It is because they shoot their own films in English. There’s nothing spectacular about them and they can see us as razz people. Most of their productions are low budget productions. All those ones they did in Onitsha. They don’t have storylines. We do. Yorubas believe in helping one another. Feature in mine and I will feature in yours which doesn’t happen in English Nollywood movies.
Yoruba movie industry is always based on relationships which is killing the business aspect of the industry. It’s one of the things I’m not happy about. You call me for a role and you want to pay me 200k for a role I should collect like 1million for. It’s not nice. And if I agree to do it for 200k that means I will call you to do mine for me for that amount.
So professionally the English part of the industry has the edge
They are not doing anything spectacular. We have a better story line. But we need to invest. They are investing their money in it. That is all they are doing. Absolutely, nothing else. So we need to cut our low budget productions. If you want to produce like five films in a year, reduce it to two or one, put your money together and produce that just one film and make it a standard one.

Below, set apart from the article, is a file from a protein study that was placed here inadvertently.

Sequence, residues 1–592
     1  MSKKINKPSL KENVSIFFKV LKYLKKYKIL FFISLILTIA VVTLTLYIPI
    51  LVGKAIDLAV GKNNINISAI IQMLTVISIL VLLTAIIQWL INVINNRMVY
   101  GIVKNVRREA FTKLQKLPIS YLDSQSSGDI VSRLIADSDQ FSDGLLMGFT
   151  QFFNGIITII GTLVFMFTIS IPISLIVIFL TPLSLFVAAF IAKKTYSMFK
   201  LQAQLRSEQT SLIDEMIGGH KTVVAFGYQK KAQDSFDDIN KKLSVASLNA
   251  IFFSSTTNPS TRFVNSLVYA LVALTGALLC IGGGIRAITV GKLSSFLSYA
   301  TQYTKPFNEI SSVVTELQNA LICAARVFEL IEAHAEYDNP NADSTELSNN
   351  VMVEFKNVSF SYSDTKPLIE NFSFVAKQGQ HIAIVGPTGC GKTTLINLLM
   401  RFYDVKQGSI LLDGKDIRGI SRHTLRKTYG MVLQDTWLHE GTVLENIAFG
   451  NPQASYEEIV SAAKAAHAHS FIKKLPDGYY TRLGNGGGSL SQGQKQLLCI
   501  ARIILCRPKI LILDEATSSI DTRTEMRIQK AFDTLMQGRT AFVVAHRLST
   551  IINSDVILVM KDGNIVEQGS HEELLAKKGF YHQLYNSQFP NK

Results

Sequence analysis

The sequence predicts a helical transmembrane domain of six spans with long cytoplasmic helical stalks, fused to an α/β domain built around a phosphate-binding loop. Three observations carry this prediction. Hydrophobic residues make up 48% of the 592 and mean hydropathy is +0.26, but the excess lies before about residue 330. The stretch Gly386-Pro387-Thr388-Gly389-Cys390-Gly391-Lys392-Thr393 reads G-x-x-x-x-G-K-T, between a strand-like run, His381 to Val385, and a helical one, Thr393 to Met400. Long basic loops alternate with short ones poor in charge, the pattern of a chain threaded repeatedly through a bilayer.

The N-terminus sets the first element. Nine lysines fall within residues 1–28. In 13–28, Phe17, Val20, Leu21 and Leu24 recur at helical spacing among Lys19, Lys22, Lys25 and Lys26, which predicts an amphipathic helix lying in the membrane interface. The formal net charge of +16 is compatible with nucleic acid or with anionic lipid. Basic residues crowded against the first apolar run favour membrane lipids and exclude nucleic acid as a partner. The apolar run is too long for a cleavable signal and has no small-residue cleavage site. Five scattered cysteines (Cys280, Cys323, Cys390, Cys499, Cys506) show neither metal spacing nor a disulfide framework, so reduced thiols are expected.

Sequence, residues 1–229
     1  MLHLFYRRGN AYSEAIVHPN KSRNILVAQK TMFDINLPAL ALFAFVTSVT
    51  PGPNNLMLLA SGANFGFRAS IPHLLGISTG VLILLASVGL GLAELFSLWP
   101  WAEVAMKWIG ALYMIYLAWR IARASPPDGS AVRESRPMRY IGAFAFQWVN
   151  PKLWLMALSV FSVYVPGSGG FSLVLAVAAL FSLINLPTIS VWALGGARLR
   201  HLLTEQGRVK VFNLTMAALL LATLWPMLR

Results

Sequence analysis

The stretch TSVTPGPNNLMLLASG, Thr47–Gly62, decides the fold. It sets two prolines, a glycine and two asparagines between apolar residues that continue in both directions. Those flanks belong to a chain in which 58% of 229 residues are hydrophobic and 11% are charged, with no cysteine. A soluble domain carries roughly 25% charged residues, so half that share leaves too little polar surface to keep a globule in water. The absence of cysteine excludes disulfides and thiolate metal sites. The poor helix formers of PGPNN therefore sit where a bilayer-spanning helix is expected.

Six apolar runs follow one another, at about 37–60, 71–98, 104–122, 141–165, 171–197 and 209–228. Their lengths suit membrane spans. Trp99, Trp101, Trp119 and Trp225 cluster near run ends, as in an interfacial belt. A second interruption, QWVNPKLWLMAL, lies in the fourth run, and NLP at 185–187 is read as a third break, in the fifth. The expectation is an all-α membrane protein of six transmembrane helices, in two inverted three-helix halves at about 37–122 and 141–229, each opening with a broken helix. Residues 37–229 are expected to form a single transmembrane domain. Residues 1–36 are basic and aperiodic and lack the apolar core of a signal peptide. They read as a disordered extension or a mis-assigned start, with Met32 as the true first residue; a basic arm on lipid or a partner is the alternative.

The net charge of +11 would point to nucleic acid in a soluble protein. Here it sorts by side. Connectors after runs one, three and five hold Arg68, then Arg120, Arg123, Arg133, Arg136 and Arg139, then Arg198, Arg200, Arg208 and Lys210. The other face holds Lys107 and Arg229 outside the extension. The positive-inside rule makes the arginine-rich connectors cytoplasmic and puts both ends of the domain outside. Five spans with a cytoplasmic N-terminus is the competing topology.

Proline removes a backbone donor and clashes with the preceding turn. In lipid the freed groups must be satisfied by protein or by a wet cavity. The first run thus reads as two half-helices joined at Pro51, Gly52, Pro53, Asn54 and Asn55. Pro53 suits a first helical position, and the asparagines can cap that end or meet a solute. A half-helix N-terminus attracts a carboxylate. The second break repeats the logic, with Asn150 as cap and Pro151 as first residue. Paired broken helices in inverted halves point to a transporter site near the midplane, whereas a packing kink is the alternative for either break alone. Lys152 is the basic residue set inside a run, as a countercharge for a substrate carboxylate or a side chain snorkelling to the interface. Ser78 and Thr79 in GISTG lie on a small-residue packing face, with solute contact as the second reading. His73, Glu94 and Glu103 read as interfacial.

I’ve not seen any Yoruba movie in the cinema yet.
There are Yoruba movies in cinema. Yes. Some Southwest cinemas take it from us but if it’s not like 70% English and 30% Yoruba, some cinemas like Silverbird will not accept it from you.
You’re planning on working on cinema movie. Would you be producing a full length Yoruba movie?
Most definitely. I won’t want to do that because even this life, you have to mix both Yoruba and English together.
Are you a twin because people call you Ejire?
Yes, I am. I have a twin sister. We look alike but not very identical.
Are you bringing her into the movie industry?
No. She’s not interested. People say I’m shy, but she’s more shy. She knows what I do but she can’t be part of it. But she supports.
Why don’t you use the name Taiwo, why Eniola?
She has her own name. I’m Taiwo, she’s Kenny. She’s Lolade and I’m Eniola. People know us.
Source: The Nation